About

The Call of the Wild is Now a Major Motion Picture Starring Harrison Ford!

Out of the white wilderness, out of the Far North, Jack London, one of America’s most popular authors, drew the inspiration for his robust tales of perilous adventure and animal cunning. Swiftly paced and vividly written, the novel and five short stories included here capture the main theme of London’s work: the law of the club and the fang—man’s instinctive reversion to primitive behavior when pitted against the brute force of nature.

Includes The Call of the WildDiable: A Dog, An Odyssey of the North, To the Man on the Trail, To Build a Fire, and Love of Life

Author

Jack London—his real name was John Griffith London—had a wild and colorful youth on the waterfront of Oakland, his native city. Born in 1876, he left school at the age of fourteen and worked in a cannery. By the time he was sixteen he had been both an oyster pirate and a member of the Fish Patrol in San Francisco Bay. He later wrote about these experiences in The Cruise of the Dazzler (1902) and Tales of the Fish Patrol (1905). In 1893 he joined a sealing cruise that took him as far as Japan. Returning to the United States, he traveled throughout the country. He was determined to become a writer and read voraciously. After a brief period of study at the University of California at Berkeley he joined the gold rush to the Klondike in 1897. He returned to San Francisco the following year. His short stories of the Yukon were published in Overland Monthly (1898) and the Atlantic Monthly (1899), and in 1900 his first collection, The Son of the Wolf, appeared, bringing him national fame. In 1902 he went to London, where he studied the slum conditions of the East End. He wrote about this experience in The People of the Abyss (1903). His life was exciting and eventful. There were sailing voyages to the South Seas and around Cape Horn. He reported on the Russo-Japanese War for the Hearst papers and gave lecture tours. A prolific writer, he published an enormous number of stories and novels. Besides two revealing memoirs, The Road (1907) and John Barleycorn (1913), he authored several collections of short stories, including Love of Life (1907), Lost Face (1910), and On the Makaloa Mat (1919). He also wrote many novels, including The Call of the Wild (1903), The Sea-Wolf (1904), White Fang (1906), Before Adam (1907), The Iron Heel (1908), Martin Eden (1909), and The Star Rover (1915). Jack London died in 1916, at his famous Beauty Ranch in California. View titles by Jack London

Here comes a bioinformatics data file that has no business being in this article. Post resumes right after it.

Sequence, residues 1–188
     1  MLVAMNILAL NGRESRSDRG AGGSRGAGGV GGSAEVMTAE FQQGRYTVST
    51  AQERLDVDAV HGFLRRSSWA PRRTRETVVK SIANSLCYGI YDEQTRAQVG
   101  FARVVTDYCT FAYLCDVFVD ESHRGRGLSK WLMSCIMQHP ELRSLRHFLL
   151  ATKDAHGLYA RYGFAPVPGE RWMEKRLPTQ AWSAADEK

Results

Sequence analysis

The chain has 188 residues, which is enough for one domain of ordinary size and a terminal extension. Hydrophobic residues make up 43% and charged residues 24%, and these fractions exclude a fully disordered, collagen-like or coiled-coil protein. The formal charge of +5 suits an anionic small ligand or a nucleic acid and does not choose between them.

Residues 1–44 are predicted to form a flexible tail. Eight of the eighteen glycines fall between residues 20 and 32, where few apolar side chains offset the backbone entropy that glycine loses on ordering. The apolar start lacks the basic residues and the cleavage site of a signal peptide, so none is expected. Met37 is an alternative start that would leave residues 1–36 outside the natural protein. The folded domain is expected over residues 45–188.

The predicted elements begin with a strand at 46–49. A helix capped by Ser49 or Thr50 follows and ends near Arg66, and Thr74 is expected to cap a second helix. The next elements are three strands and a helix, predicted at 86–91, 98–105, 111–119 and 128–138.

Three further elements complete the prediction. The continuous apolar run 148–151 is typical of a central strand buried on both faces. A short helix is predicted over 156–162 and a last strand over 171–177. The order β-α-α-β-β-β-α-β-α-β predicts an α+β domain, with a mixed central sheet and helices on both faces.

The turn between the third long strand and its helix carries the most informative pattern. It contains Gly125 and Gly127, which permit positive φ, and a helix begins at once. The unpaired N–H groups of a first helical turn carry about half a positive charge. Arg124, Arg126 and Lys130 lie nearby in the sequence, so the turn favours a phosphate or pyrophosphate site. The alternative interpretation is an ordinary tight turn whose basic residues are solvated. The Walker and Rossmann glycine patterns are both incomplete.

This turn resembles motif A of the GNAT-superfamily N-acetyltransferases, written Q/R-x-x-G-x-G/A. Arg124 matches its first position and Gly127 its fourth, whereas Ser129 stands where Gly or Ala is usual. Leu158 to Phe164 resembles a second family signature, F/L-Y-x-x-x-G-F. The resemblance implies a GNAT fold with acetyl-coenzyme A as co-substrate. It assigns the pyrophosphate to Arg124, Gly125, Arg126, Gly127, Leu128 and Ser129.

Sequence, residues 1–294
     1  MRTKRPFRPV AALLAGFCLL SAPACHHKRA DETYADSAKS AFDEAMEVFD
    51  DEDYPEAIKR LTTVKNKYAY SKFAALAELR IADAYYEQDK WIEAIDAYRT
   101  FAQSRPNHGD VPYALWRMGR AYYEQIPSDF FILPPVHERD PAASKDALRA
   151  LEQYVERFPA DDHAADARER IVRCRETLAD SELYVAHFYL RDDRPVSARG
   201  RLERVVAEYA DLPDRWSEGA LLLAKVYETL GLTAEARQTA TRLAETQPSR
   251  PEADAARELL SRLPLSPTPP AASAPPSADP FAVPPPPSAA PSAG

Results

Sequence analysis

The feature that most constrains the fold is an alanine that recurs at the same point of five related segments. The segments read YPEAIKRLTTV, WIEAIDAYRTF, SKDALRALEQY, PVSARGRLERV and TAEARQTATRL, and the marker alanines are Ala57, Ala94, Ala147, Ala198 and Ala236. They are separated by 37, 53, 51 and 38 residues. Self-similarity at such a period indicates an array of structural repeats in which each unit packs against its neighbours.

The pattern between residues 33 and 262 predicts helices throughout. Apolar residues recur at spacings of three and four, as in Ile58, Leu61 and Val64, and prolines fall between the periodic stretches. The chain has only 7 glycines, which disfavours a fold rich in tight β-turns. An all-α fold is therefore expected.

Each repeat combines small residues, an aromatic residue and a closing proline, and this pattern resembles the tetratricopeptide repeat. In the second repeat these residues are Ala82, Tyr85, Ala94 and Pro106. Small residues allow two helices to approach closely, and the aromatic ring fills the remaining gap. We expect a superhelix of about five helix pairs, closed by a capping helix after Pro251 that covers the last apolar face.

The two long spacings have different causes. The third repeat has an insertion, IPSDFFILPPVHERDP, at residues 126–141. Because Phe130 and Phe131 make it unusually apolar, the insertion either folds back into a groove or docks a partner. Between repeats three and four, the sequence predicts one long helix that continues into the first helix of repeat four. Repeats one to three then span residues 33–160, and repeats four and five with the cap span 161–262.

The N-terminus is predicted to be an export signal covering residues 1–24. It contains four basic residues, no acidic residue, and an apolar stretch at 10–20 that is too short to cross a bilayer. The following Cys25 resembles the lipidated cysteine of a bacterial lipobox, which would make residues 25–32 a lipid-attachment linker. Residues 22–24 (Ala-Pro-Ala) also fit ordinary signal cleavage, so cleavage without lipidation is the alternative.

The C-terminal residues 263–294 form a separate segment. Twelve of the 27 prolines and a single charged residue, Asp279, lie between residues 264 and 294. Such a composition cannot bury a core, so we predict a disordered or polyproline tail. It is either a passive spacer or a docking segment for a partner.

Guides

Educator Guide for The Call of the Wild and Selected Stories

Classroom-based guides appropriate for schools and colleges provide pre-reading and classroom activities, discussion questions connected to the curriculum, further reading, and resources.

(Please note: the guide displayed here is the most recently uploaded version; while unlikely, any page citation discrepancies between the guide and book is likely due to pagination differences between a book’s different formats.)